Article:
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Jerusalem tours and excursions

Jerusalem tours

Segway tours

Segway tours are an excellent and low-energy way to see large parts of Jerusalem. There are several companies offering tours outside of the Old City in areas such as the Armon Hanatziv Promenade and the area around the Knesset (government buildings), along with night tours through the Jaffa Gate and into the Old City.

Tel: +972 2 566 1441; +972 58 648 0334.

Walking tours

There are dozens of walking tours, and some of the most worthwhile are around the Old City. Leaflets and information can be found at the Tourist Information Center at Jaffa Gate, Old City. Recommended tour companies include Zion Walking Tours and Sandeman’s free New Jerusalem Tour. The tourist office also offers downloadable pamphlets for self-guided walks of Jerusalem’s key sights on their website.

Tel: +972 2 627 7588; +49 30 510 50030

Jerusalem excursions


A guided dawn trek to watch the sunrise over Masada, King Herod’s mighty mountaintop fortress, is an unforgettable experience. Walking up the winding ‘snake path’, followed by the cable car back down, allows you to enjoy the views of the Dead Sea and to witness the mountain’s extensive ruins, which include Herod's Palace, the synagogue, the fortress, and an elaborate bathhouse.

Tel: +972 8 658 4207

Ein Gedi, Dead Sea

A high spot, or to be technically correct, the low point, of any trip to Israel is floating in the Dead Sea. The lowest point on earth at 430m (1,412ft) below sea level, the salty, mineral-rich waters make it impossible to sink. There are public beaches, but it’s easiest to take an excursion to Ein Gedi Sea of Spa resort with its sulphur pools, private access to the sea and changing facilities.

Tel: +972 8 620 1030

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Featured Hotels


David Citadel Hotel

This modern 385-room hotel is a short walk from both the Old City and the new city centre and is just around the corner from the trendy Mamilla Mall. A standout feature is the terrace overlooking the pool, a great spot to indulge in Israel’s trademark big breakfast while gazing over the city. After a day’s sightseeing, the L’Occitane spa is a tranquil spot for a restorative massage.

Little House in Bakah

Set in a renovated 1930s Ottoman-style mansion in the old Bakah neighbourhood, this 33-room boutique property is big on charm with its high ceilings, arched windows and rustic décor. Rooms are simple and comfortable, and there’s free Wi-Fi, tea and coffee 24/7 and breakfast included. The hotel is just around the corner from the hip cafés of Bethlehem Road and Emek Refaim Street.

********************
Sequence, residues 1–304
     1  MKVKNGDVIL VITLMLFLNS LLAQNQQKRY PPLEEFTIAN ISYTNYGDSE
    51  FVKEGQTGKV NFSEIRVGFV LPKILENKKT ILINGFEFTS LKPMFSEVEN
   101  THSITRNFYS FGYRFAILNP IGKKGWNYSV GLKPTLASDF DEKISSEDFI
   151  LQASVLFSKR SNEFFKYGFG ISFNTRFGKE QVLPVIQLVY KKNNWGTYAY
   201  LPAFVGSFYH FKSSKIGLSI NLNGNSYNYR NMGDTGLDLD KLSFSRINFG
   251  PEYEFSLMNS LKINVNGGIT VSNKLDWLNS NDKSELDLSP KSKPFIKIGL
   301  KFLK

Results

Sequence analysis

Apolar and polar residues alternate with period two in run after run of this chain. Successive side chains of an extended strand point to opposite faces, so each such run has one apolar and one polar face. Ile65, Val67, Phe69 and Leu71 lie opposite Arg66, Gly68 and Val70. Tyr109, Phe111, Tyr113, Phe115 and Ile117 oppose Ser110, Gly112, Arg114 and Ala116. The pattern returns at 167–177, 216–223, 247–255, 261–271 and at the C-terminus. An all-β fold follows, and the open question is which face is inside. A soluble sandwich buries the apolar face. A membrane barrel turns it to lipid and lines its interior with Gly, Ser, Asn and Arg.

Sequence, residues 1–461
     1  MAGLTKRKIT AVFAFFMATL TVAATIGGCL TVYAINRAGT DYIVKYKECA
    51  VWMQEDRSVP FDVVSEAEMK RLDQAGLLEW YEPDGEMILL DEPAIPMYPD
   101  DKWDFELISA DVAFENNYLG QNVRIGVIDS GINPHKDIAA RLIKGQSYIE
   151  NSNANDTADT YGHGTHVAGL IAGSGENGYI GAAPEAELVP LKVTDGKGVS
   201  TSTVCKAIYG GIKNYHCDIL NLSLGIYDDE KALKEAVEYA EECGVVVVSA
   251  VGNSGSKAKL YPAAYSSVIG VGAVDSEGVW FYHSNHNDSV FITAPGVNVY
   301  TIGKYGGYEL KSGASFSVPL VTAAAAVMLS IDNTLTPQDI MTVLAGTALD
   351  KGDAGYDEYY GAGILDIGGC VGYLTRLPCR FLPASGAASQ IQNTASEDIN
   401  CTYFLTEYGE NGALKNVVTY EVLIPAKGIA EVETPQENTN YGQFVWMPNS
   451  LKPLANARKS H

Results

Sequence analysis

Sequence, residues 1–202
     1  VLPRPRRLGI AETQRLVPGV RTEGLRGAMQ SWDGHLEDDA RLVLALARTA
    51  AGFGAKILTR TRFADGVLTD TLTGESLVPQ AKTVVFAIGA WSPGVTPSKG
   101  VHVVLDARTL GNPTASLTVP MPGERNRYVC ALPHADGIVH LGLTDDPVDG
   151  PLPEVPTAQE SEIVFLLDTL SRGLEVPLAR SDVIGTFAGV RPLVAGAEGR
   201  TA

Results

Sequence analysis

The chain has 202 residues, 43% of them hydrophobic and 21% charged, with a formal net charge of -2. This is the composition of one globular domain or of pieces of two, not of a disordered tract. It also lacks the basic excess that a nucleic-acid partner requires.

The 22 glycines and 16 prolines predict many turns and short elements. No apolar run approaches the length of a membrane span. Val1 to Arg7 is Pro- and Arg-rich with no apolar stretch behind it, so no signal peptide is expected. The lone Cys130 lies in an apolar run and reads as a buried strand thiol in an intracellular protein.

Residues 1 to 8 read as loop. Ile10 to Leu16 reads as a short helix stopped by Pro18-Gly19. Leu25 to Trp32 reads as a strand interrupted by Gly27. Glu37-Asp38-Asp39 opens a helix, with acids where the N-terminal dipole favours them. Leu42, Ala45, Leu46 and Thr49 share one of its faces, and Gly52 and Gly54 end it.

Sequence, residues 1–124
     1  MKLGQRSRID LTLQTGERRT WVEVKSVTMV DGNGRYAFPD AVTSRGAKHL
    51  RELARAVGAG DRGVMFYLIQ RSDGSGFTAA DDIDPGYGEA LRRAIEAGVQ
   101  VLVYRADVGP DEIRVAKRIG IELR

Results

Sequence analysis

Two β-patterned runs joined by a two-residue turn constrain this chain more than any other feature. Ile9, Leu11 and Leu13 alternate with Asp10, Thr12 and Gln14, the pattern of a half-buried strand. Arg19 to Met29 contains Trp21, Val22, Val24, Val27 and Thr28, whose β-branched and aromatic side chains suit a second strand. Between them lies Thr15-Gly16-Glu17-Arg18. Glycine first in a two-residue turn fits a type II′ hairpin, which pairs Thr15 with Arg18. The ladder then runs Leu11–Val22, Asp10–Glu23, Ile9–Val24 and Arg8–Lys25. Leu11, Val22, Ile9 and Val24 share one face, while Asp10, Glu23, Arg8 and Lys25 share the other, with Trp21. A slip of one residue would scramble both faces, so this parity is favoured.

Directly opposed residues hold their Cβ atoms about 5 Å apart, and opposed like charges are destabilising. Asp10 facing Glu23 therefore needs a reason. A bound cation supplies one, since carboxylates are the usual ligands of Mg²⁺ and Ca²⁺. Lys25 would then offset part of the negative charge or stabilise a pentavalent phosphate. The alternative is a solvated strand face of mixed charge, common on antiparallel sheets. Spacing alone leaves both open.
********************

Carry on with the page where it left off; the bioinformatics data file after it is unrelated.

Knight's Palace

A former theological seminary with some parts dating back to the 11th-century, this lovely hotel is nestled in a quiet corner of the Muslim Quarter. It is steeped in Old City elegance with vaulted ceilings, arched windows and exposed stone. Despite being close to both the New Gate and Jaffa Gate, its location on a quiet cobbled lane means it is just out of reach of the hustle and bustle. It has comfortable rooms, a nice restaurant and bar, Wi-Fi throughout, AC and cable TV.

King Solomon Hotel

This 5-star in the centre of Jerusalem caters to religious Jewish travellers by offering its own synagogue, a Glatt Kosher menu and Shabbat lights in the bedrooms. The stunning views overlooking the Judean hills make up for the slightly outdated décor. The centrepiece of the lobby is a globe-shaped metal sculpture of Jerusalem by the English-born artist Frank Meisler. The hotel is just 10 minutes' walk from the Jaffa Gate of the Old City.

King David

Situated in an elevated position, this landmark hotel is one of Israel's most luxurious and prestigious hotels, boasting a guest list of world leaders, royalty and celebrities. The majestic King David was built in the 1930s and has all modern facilities, with fine views towards the Old City. It’s also a historic building in its own right – in 1946 when used during the British mandate as the British Army HQ, it was the scene of a dramatic anti-British bombing by militant Zionists.

Harmony Hotel

The Harmony Hotel is part of the fast-growing Atlas chain. With a bright and very kitsch chic atmosphere, it makes for an unusual stay in the Holy City. It is located in the trendy and historic Nahalat Shiva neighbourhood, a short 10-minute walk to the Old City, and with plenty of restaurants and shops nearby. It offers spacious, funky rooms designed by local artists, an impressive breakfast, and excellent views from the roof.